Native birds and bats in farm landscapes need a friendly habitat to survive, which includes large old paddock trees.

The Goulburn Broken Catchment Management Authority in northern Victoria says it’s important to protect these vital trees from risks like land-clearing and burning-off.

“Large old paddock trees, dead or alive, are vitally important for our local birds and bats,” Goulburn Broken CMA project officer Janice Mentiplay-Smith said.

“These iconic old trees are dotted throughout our region but are often destroyed or incrementally weakened by the effects of burning, which has led to their decline across our rural landscape.

“Paddock trees are essential to a healthy farming landscape and are valued by the community for their economic and landscape benefits.”

As well as providing aesthetic appeal, paddock trees provide livestock with shelter from heat, wind and cold.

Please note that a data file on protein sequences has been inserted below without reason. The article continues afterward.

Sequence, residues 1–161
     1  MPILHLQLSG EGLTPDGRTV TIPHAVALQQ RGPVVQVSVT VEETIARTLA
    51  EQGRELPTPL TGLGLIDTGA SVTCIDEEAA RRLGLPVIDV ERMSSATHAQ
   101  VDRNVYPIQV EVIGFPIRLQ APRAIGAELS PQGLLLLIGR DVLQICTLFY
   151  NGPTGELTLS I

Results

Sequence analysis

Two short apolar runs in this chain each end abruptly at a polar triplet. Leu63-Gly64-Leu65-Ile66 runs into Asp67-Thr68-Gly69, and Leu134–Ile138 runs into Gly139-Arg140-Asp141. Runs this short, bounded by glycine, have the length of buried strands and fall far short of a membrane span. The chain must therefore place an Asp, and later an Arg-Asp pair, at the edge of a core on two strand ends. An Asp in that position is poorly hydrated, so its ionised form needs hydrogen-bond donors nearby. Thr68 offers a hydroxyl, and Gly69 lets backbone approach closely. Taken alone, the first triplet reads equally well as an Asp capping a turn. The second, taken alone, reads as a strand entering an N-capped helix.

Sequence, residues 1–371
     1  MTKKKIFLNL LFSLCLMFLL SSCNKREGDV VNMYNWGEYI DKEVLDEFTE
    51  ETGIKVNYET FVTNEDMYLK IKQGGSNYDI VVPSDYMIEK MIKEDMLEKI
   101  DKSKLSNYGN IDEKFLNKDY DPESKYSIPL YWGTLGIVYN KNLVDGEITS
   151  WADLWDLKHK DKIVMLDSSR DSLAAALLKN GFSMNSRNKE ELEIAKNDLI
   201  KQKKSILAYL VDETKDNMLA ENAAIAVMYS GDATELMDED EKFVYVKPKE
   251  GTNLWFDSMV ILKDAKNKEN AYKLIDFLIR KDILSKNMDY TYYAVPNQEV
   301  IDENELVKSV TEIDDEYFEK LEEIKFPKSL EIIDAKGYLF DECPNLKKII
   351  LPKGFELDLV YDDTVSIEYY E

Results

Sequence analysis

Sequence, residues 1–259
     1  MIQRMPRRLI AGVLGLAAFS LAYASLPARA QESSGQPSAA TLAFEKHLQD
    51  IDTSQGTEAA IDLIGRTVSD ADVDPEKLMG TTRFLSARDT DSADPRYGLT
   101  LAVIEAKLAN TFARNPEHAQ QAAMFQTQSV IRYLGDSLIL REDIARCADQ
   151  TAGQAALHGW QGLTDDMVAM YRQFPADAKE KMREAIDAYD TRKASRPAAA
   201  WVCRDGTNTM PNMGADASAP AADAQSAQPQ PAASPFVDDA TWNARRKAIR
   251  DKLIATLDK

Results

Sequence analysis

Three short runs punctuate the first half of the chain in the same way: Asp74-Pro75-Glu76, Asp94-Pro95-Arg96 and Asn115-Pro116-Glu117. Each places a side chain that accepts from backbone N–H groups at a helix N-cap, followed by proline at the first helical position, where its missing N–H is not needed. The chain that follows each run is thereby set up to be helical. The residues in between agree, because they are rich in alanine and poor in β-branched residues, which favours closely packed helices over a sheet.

Their canopies reduce wind and water loss to crops, they store carbon, produce organic matter, recycle nutrients and improve soil biology and structure through their roots and connection to soil organisms.

They mitigate erosion and salinity and provide essential perching sites, habitat and highways for native birds, bats and other animals to move through the landscape.

The Local Government Rating System Review Final Report was publicly released just before Christmas, 10 months after it was handed to the Victorian Government in March 2020.

“Paddock trees provide nesting and roosting sites for the birds and bats that eat insect and rodent pests and supply habitat for the pollinators that are essential for farm and landscape health,” Ms Mentiplay-Smith said.

“It’s important to remember that every paddock tree is important, as once lost, these hundreds-of-years-old sentinels of the landscape cannot be quickly replaced.”

For more information on paddock trees on farms, visit: